Fragende Ode

Mauricio Kagel has died at the age of 76. (Via.) I had the great and entertaining fortune of studying with Kagel as a Tanglewood fellow in 1998. He was endlessly good-natured, and as intellectually mischievous as you might expect from his music, but I also remember his uncompromising sense that there was a right way and a wrong way to go about putting music together; his attention to detail was an indication of how seriously he took even the most playful music. (He reprimanded me for using neologistic Italian-language performance directions but not conjugating the verbs correctly.) For that summer’s Festival of Contemporary Music, I performed Kagel’s General Bass (for “unspecified bass instrument”—I used an accordion), a little piece of typical, mysterious wit consisting of sparse, disconnected phrases that hint at some absent, traditionally tonal grandeur. Kagel a) was mildly disappointed at the fact that my piano accordion was not a bandoneon, but took it in stride, and b) was very particular about staging—seated, not standing; very still, as if one player within a giant ensemble; and making sure to underemphasize any espressivo possibility in the fragments. It was a bit of master-class in how to play off of performance expectations, and in how magically you can up the stakes of humor the less you give away the joke.

Kagel could be intellectually unforgiving, but even his criticism was cloaked in the graceful good manners of an old-school radical; if he thought I was young and stupid (which he probably did) he never let on, instead giving the generous illusion that the time he spent with me was time well spent. If I’m any less stupid now, at least some small portion of that is due to my briefly crossing his path.


  1. 1) I wish I’d had a composition teacher like that. (I taught myself, but that sounds like the kind of guy to have.) 2) On one of the Yahoo Lists, someone had mentioned Suppe’s bizarre term “Spronato” and queried it. Apparently it means “to spur on” and is used particularly in the overtures. To me it sounds vaguely like a bouncing soprano.3) I’m curious as to what ‘General Bass’ sounds like — is it a pun on the phrase ‘General Tenor’? (There’s a title for you. Probably been used already.)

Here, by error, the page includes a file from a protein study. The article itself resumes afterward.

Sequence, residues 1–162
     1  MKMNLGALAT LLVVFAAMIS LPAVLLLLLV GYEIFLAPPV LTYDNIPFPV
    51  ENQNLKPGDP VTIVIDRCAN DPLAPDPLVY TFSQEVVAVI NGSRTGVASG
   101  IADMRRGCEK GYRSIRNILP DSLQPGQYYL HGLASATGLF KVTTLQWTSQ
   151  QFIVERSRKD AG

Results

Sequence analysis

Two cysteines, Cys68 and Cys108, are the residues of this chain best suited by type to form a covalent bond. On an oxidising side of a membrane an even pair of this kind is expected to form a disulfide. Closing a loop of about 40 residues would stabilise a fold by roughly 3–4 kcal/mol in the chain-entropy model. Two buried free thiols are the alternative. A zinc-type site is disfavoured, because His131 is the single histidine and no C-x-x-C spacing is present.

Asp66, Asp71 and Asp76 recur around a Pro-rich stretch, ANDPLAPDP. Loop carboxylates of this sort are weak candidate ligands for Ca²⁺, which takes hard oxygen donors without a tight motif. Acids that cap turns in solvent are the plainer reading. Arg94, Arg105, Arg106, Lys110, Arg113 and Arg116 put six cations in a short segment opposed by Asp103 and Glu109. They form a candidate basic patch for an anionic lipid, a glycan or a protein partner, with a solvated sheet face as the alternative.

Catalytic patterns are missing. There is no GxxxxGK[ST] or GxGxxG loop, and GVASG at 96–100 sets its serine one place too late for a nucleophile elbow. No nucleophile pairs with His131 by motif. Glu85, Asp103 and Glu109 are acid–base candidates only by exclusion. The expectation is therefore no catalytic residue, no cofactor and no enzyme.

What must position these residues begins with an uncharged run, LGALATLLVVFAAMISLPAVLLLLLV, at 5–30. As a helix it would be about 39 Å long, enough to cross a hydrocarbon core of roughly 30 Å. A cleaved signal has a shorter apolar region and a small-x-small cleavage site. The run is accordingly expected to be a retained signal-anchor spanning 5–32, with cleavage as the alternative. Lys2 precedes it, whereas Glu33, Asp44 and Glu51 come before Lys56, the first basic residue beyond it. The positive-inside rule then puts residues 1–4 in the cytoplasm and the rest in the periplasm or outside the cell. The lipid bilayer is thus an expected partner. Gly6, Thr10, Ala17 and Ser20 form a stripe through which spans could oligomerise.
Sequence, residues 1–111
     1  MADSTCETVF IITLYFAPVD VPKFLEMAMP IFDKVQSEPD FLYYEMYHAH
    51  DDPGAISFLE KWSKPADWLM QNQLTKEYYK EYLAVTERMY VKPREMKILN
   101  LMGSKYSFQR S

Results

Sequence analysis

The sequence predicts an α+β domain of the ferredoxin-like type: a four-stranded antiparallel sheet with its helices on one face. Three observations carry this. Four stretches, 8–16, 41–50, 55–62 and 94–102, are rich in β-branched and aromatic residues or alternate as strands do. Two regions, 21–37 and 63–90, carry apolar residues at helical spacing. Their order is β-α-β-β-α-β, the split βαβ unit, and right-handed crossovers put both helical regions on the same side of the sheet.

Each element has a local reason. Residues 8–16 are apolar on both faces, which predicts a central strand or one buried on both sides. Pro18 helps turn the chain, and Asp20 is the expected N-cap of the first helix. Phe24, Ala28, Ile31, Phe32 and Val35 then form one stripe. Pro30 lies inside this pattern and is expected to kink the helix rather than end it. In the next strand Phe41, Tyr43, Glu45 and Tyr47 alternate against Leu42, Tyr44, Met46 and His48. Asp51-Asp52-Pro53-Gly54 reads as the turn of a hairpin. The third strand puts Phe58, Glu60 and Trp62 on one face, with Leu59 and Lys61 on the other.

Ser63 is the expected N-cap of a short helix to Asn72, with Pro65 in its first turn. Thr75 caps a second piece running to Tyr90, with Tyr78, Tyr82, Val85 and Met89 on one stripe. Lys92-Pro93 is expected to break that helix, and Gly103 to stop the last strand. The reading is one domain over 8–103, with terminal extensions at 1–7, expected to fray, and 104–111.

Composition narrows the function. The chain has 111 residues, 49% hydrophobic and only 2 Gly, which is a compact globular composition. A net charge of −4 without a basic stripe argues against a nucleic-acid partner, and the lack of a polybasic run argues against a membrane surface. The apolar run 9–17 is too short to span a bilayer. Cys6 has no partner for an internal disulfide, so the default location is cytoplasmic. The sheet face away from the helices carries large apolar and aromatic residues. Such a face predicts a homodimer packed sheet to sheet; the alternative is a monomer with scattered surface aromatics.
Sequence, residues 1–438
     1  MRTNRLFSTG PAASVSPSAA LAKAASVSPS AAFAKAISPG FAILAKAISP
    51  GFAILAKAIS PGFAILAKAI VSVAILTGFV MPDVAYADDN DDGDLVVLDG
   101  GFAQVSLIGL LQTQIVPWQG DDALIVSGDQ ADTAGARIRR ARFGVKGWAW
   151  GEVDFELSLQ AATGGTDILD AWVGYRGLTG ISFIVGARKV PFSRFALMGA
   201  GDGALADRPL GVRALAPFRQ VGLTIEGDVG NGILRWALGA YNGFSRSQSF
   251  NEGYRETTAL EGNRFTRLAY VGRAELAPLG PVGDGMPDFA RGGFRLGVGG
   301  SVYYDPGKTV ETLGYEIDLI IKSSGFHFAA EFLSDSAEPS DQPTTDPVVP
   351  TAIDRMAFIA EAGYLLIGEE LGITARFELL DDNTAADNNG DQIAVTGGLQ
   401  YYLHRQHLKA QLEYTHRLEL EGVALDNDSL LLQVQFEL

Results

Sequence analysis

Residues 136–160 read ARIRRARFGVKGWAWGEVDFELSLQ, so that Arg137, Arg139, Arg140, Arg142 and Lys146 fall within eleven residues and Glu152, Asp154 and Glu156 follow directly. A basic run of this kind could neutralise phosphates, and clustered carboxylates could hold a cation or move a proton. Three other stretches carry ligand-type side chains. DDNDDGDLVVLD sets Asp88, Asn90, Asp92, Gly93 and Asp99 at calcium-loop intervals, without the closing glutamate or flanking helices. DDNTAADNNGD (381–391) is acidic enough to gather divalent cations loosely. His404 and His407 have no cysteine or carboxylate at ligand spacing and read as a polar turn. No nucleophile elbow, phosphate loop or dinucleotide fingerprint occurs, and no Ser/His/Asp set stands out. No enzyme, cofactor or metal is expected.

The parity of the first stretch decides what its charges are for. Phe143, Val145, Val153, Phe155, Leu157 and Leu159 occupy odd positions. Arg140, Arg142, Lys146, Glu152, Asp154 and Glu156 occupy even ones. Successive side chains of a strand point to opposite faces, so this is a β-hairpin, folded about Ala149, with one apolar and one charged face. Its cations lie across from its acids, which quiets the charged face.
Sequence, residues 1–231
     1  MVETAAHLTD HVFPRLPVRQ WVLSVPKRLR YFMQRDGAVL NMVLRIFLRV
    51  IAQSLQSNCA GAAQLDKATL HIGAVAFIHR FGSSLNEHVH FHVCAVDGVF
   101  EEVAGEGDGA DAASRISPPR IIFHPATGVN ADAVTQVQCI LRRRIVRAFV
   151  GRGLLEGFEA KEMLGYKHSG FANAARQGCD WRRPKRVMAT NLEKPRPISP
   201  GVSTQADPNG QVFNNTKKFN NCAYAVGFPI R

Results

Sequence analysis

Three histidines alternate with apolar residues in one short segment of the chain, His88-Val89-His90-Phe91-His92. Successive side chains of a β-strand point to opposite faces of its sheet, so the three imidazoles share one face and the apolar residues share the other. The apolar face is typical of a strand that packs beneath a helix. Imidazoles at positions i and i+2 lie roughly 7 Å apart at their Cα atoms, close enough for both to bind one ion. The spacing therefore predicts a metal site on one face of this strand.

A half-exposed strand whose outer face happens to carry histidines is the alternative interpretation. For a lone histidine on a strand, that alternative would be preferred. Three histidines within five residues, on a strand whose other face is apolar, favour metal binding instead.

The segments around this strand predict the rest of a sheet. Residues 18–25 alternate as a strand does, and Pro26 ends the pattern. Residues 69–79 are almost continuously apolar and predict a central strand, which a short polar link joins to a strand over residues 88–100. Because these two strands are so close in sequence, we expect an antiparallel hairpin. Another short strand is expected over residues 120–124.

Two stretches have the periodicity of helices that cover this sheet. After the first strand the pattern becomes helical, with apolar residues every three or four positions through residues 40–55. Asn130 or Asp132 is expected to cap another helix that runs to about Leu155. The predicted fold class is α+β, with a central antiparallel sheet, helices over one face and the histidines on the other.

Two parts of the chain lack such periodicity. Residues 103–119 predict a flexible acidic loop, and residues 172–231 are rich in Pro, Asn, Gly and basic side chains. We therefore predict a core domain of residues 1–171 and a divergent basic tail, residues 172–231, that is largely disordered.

2. I think every composer has their pet Italian term, like Suppe’s <>spronato<>. Carter uses <>scorrevole<> probably more than the rest of the world combined. My own favorite is <>calando<>, which I picked up from Webern.<>General Bass<> is actually a sort of pun on another name for Thorough-Bass or figured bass, and that’s kind of what it sounds like: bits and pieces of a baroque-ish bass line isolated and alienated. But <>General Tenor<> is a pretty good pun in itself—although it does conjure the vision of an operatic military type from an absrudist children’s show.

  3. Any recommendations on where to start with Mr. Kagel’s music? I prefer pieces with a large/large-ish orchestra and/or voices, but any recommendation(s) would be appreciated.

  4. Henry: No orchestral stuff, but the chamber piece <>Der Schall<> and the electro-acoustic <>Acustica<> are both on < HREF="" REL="nofollow">Ubuweb<>, not to mention a bunch of his < HREF="" REL="nofollow">films<> (which always have a musical element as well). I think his chamber music is the best way to understand what he’s up to, but < HREF="" REL="nofollow">this CD<> has some orchestral/vocal classics: <>Anagrama<>, <>Rrrrrrr…<>, and <>Mitternachtsstuk<>.

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